“It’s better to invest in stylish, high-quality and comfortable pieces than buying clothes that just last a few washes, and do not fit well on the body” Samanta Bullock

A forgotten market

Unfortunately, the lack of choice of clothing adapted to the physically disabled has been a harsh reality faced by potential consumers until nowadays.

While the main players in the fashion industry struggle to call attention to the customers distracted among so many options available in the market, 20% of the world’s population, with a spending power of US$ 1 trillion, go completely unnoticed and ignored right under the noses of the large corporations.

It is the international market for people with physical disabilities.

In the United Kingdom, the term “Purple Pound” refers to the spending power of the 13.3 million people with disabilities in the country, with a potential consumption of £ 249 billion per year.

According to a recent survey by the ‘We are Purple’ organization in the UK, companies lose approximately £ 2 billion a month, ignoring the needs of people with disabilities. Physical stores no longer make £ 267 million a month because they are not physically accessible. And 75% of people with disabilities have already had to leave an establishment due to lack of accessibility and care.

An Awakening time

What Samanta Bullock is trying to do is exactly what a rotten industry needs: a complete change of paradigm.

Because just to get a glimpse of how wrong the industry has gone, here are two very representative examples. In China, which is expected to overtake the US as the largest fashion market in 2019, a single mill use 200 tons of water for each ton of fabric it dyes. Moreover, the textile production worldwide is a significant contributor to climate breakdown, not only by polluting thousands of tonnes of water; but by emitting 1.2bn tonnes of greenhouse gases annually. That is more than all international flights and maritime shipping combined, according to the Ellen MacArthur Foundation.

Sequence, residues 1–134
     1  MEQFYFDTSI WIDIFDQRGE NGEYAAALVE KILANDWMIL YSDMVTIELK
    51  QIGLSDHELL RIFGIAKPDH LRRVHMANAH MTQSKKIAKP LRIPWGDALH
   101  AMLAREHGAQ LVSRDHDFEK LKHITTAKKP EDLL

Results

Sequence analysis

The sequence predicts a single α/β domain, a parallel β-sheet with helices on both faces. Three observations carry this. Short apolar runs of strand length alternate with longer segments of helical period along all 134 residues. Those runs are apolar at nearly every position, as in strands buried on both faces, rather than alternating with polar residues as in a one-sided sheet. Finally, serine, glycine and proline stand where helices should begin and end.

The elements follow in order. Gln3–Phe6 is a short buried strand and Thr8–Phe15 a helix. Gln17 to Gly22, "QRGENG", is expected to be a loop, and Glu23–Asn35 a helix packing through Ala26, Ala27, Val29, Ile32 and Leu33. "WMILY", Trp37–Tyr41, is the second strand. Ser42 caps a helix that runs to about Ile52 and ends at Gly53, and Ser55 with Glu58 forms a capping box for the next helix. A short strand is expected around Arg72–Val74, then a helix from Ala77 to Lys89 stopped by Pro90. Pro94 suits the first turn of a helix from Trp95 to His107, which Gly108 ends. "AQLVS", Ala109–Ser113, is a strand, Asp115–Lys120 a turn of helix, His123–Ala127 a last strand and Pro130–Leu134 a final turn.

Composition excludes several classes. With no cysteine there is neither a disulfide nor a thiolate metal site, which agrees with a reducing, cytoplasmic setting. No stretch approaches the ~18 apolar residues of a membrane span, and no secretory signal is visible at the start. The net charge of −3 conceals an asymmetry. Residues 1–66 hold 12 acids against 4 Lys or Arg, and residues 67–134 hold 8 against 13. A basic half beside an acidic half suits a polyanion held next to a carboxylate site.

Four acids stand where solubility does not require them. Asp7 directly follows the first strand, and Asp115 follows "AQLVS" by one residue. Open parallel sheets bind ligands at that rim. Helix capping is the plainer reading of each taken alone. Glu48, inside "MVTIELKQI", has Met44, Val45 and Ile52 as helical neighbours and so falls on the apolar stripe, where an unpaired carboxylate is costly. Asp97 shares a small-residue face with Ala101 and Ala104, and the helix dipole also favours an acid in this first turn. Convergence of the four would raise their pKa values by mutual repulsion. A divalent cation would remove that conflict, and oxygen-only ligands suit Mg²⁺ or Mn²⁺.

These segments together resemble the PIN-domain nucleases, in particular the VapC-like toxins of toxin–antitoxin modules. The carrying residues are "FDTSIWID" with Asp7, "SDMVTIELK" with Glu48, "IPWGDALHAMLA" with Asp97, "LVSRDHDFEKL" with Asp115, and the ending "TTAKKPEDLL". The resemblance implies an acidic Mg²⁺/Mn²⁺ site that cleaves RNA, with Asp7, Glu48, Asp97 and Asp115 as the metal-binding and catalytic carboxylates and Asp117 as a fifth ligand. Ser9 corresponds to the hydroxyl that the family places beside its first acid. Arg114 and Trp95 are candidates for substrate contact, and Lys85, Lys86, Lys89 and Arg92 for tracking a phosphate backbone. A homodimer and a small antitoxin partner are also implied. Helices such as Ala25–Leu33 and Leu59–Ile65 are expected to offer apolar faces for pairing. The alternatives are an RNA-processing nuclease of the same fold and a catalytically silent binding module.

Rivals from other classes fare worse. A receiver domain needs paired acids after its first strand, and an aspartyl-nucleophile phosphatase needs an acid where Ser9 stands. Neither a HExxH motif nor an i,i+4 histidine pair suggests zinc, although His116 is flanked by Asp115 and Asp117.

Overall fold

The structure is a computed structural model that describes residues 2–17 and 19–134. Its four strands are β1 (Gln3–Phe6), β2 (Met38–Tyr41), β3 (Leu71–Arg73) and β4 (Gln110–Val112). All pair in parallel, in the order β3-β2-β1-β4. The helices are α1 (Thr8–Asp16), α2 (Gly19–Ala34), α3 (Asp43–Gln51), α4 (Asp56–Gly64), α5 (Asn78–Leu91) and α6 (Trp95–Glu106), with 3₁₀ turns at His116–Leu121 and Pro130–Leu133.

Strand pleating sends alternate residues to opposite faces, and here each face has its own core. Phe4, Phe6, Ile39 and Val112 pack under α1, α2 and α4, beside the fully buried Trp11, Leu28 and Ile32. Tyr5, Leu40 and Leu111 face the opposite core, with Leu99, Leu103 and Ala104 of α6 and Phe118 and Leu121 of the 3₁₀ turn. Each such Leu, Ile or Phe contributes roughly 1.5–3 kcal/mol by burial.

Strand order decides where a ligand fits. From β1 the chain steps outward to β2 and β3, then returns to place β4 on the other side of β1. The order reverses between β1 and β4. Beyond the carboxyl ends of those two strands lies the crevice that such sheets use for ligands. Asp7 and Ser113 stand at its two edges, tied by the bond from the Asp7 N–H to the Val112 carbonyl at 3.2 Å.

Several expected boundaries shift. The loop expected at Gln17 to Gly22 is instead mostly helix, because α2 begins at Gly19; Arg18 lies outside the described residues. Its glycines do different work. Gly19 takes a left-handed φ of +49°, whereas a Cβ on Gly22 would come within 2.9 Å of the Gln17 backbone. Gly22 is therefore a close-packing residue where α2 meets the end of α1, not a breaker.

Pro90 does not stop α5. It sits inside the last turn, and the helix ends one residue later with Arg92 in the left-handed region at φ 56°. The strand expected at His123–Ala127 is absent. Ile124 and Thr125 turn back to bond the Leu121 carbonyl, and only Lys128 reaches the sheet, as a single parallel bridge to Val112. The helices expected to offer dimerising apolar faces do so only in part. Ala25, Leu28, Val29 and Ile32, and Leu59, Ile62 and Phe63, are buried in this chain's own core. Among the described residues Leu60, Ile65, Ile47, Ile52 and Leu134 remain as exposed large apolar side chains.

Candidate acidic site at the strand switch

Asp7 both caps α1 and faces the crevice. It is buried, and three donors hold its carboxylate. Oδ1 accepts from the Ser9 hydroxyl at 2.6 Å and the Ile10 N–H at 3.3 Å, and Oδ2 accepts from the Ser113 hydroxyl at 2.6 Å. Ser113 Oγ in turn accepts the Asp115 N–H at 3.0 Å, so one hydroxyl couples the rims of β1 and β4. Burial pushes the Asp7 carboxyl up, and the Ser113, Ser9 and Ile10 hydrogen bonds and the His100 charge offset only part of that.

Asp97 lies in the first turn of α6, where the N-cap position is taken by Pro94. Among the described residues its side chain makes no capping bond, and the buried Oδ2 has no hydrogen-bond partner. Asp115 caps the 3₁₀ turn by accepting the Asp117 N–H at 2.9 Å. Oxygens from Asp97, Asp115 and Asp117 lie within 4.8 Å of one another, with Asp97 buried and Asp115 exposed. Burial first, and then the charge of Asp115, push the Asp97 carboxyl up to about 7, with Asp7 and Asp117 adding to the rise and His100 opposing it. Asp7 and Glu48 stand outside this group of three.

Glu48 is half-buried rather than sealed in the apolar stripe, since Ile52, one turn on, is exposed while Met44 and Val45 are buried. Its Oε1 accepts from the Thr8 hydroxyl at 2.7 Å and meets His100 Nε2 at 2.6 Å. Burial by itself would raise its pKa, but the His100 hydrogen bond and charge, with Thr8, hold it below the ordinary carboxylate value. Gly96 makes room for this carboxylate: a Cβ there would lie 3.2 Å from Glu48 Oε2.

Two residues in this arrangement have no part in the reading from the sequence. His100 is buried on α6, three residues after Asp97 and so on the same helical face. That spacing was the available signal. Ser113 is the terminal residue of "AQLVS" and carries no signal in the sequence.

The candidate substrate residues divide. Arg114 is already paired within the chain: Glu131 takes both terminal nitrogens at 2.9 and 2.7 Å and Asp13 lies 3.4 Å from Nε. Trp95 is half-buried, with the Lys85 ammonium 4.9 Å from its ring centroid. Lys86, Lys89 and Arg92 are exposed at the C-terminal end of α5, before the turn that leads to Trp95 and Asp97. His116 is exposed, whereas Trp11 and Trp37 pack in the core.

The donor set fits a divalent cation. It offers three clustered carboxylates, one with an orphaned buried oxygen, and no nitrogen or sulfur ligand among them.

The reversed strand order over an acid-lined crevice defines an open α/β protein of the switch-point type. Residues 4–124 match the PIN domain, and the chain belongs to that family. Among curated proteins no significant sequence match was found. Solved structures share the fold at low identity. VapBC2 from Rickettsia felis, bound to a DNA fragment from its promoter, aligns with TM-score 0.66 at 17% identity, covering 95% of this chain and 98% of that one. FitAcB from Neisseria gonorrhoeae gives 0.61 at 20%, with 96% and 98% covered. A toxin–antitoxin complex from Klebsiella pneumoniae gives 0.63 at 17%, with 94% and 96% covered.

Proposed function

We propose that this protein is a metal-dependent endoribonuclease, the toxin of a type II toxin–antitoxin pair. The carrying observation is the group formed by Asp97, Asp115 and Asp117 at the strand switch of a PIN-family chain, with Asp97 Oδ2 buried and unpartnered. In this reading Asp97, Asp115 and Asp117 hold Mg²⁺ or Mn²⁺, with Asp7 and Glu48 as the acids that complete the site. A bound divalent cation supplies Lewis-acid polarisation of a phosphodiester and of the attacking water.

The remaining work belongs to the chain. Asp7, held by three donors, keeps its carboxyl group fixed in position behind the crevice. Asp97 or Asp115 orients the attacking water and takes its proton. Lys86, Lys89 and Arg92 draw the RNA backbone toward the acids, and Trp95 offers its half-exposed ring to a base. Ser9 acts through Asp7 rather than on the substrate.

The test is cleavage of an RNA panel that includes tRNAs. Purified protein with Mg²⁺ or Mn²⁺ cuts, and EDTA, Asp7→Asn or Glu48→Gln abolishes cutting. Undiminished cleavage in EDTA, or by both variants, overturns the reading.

From the human side, things aren’t going well either. The Fashion industry is still associated to unrealistic – and unachievable –  size standards, which promotes a toxic and exclusive culture of ideal beauty. Besides, conditions in off-shore factories haven’t really improved in the last 10 years, with only 0.5% of the revenue generated by the textile industry being considered “fair trade or environmentally stable”. In the long and complex supply chain, producers of raw materials like cotton and other fabrics aren’t even included in negotiations with consumers or traders and, as such, they are left aside. “They can’t afford to pay for essentials for their families like medicine when they are ill, school fees for their children and even food,” as the Fairtrade Foundation recently put it.

And those are just some examples of a list that could go on for quite a while. The point to make here, however, isn’t about how wrong the industry is, but how the fashion sector could (if it ever would) get fairer and more sustainable, what Samanta Bullock is really after.

A recent research made by McKinsey, called FashionScope, is very optimistic about it and has named the 2019 as the year of awakening. In the research, they believe that that awakening can only be achieved through a digital and cultural disruption. “They [brands and companies] need to take an active stance on social issues, satisfy consumer demands for ultra-transparency and sustainability, and, most importantly, have the courage to “self-disrupt” their own identity and the sources of their old success in order to realise these changes and win new generations of customers,” they claimed.